I have been working as a film journalist since 2010, dividing the first four years between radio broadcasting and entertainment writing in the Dallas-Fort Worth metroplex. In 2014, I entered Fresh Fiction (FreshFiction.tv) as the features editor. The following year, I stepped into the film critic position at the Denton Record-Chronicle, a daily North Texas print publication. My time is dedicated to writing theatrical film reviews, at-home entertainment columns, and conducting interviews with on-screen talent and filmmakers, as well as hosting a podcast devoted to genre filmmaking (called My Bloody Podcast). I've been married for seven happy years, and I have one son who is all about dinosaurs just like his dad.
Preston Barta // Editor
“It’s not a ghost story, it’s a story with ghosts in it.”
We never seem to get sick of haunted house movies and ghost stories, do we?
And why should we ever tire of a reliable subsection of horror? This is the quintessential genre that takes its time, slowly and subtly building dread in evocative worlds, then populating them with rich, unforgettable characters. Whether it’s the sly thrills from 1980’s THE CHANGELING or the effective jump-scares of 2013’s THE CONJURING, we don’t wear ourselves thin on the things that go bump in the night, especially when it comes from a place that seems safe, familiar and comfortable.
Making a much-anticipated return to the genre he helped redefine in recent years, filmmaker Guillermo del Toro places his CRIMSON PEAK on the list of haunted house greats. He has spent his career channeling old-school horror-thrillers (PAN’S LABYRINTH, THE DEVIL’S BACKBONE), while also making them his own. Del Toro tips his hat to the genre’s best with Crimson Peak, but also doesn’t shy away from character, class and the moments that make you shriek, of course.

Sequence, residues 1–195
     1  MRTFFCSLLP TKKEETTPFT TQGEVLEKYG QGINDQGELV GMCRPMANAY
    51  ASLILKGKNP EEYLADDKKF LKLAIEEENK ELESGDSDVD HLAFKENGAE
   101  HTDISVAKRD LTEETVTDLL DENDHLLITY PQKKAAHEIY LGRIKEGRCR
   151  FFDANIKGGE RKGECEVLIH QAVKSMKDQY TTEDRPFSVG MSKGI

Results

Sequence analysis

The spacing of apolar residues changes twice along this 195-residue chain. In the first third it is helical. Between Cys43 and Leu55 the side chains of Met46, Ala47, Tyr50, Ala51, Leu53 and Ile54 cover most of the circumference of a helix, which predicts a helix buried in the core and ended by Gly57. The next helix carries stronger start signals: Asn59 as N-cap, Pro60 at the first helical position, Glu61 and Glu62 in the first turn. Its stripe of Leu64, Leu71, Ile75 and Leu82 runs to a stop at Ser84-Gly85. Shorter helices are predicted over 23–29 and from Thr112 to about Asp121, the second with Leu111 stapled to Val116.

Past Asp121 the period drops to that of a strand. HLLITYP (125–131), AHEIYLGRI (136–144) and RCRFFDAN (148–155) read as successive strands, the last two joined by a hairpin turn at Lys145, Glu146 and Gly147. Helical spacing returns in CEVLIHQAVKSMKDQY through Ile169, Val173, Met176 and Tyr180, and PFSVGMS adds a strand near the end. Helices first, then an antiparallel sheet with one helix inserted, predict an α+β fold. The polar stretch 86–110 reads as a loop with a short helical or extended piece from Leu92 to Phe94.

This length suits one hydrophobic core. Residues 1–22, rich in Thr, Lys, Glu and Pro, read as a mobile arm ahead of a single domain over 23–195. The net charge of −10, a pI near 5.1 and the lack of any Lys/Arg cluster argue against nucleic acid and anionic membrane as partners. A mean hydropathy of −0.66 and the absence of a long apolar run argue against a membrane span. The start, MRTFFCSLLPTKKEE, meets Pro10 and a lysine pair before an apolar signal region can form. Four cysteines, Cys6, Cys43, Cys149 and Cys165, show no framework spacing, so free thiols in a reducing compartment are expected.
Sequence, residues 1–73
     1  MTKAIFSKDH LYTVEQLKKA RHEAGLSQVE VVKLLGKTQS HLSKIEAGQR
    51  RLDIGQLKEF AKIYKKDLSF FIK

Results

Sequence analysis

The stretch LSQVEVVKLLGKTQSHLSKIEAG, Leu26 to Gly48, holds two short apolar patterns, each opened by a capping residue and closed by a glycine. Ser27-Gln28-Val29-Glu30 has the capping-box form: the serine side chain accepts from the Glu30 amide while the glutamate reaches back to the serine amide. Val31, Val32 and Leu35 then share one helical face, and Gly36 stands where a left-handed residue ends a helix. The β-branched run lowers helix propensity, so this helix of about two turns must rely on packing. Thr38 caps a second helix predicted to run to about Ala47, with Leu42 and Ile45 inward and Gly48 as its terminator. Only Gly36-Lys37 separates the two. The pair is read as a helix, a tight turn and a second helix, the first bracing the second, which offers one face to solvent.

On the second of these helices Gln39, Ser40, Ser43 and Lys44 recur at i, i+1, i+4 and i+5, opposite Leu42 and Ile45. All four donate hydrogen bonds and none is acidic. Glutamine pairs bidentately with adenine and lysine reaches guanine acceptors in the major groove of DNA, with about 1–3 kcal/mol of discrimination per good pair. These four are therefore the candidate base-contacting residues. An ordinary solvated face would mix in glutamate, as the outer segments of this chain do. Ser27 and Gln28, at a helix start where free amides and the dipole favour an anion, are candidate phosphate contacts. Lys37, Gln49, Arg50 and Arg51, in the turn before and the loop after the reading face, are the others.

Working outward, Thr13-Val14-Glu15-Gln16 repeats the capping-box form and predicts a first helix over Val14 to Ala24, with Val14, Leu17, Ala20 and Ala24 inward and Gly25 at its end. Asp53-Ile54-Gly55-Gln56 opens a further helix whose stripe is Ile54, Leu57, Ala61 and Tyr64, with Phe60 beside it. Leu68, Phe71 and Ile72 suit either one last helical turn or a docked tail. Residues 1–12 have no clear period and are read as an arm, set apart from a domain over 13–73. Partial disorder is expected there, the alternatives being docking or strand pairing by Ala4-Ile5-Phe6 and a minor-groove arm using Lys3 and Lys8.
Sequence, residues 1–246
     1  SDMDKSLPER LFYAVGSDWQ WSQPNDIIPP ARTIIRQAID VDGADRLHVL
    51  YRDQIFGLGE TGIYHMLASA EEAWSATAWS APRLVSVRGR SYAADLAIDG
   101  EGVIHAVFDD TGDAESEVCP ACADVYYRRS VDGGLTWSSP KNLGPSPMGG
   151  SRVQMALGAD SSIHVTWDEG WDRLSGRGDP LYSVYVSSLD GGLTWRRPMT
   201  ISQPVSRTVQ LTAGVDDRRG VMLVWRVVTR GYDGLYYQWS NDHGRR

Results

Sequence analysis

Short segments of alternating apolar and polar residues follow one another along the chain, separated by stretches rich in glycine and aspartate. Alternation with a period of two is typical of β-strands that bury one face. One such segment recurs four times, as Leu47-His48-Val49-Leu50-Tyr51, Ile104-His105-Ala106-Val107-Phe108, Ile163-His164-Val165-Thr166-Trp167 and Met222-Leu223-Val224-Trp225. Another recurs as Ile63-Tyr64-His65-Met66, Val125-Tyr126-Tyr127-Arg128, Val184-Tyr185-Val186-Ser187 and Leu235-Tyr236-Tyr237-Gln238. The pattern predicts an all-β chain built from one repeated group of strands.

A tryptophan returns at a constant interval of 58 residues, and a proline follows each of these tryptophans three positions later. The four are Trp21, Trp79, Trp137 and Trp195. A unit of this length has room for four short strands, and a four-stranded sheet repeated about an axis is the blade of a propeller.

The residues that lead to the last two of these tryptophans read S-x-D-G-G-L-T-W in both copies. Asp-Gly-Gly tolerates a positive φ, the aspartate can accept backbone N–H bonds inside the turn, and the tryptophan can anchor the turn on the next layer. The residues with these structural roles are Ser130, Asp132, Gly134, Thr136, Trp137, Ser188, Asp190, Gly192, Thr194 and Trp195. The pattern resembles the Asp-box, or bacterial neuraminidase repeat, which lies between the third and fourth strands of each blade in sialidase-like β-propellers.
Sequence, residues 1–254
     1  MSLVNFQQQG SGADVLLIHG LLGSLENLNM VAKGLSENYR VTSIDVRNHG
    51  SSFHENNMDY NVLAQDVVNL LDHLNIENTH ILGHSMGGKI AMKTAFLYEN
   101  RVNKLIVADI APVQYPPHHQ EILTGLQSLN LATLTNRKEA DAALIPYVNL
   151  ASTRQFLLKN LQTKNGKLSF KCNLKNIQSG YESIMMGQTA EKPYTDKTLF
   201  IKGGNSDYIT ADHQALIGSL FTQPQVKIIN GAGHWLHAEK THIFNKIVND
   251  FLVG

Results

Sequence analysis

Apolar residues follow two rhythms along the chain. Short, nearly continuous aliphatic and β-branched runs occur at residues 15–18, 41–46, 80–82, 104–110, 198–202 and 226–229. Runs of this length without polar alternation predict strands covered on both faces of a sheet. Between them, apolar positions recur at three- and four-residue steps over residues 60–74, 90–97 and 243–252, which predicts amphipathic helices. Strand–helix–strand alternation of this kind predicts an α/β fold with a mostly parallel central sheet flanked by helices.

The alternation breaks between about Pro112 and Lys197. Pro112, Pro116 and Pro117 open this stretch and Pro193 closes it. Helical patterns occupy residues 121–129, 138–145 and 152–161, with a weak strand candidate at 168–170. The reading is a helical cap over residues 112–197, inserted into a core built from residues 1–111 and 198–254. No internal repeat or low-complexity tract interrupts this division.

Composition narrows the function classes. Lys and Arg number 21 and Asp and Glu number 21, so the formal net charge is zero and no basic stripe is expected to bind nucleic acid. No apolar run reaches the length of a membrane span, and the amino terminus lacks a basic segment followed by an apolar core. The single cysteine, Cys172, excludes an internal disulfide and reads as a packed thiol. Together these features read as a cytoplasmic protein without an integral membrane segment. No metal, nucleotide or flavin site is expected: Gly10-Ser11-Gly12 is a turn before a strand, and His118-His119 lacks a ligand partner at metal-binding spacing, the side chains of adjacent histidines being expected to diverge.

Featuring a dynamic central trio in Jessica Chastain (ZERO DARK THIRTY), Tom Hiddleston (THE AVENGERS) and Mia Wasikowska (ALICE IN WONDERLAND), Crimson Peak invites audiences into its devilish delights through a manor that screams of death and deceit.
Set against a sumptuous Victorian backdrop, the film haunts its leads with flitting spirits and blood-red phantoms in a house that Sir Thomas Sharpe (Hiddleston) describes as “a living thing.” But not only are there ghosts running around the halls of Crimson Peak’s titular estate, there’s something uncanny going on between the owners, siblings Sharpe and Lady Lucille (a knock-out Chastain).
Del Toro is the key ingredient that keeps CRIMSON PEAK from fading into forgettable obscurity. Through creaky floorboards and mysterious whispers, the filmmaker knows how to evoke a dark and timeless mood using his characteristic flair of lush mysteries and secrets hiding in every shadow.
The characters are both compelling and emotionally resonant. We understand their emotions and motivations. Each of the actors handles the drama with aplomb, and they sell the fright with vigor, especially Chastain, who gives a stirring performance as a grave woman whose grating demeanor suggests a cat with ready claws. Just you wait for her scene involving a cup of tea and a screeching spoon. It’s unsettling in the best way.
The visuals may overpower the narrative, the rules of logic may not apply, and it may be more strange than scary — but in a time where we have all but given up on contemporary horror in favor of the classics, CRIMSON PEAK shows that great horror is still lurking in the shadows.
CRIMSON PEAK opens in participating theaters starting at 8 p.m., and releases nationwide tomorrow.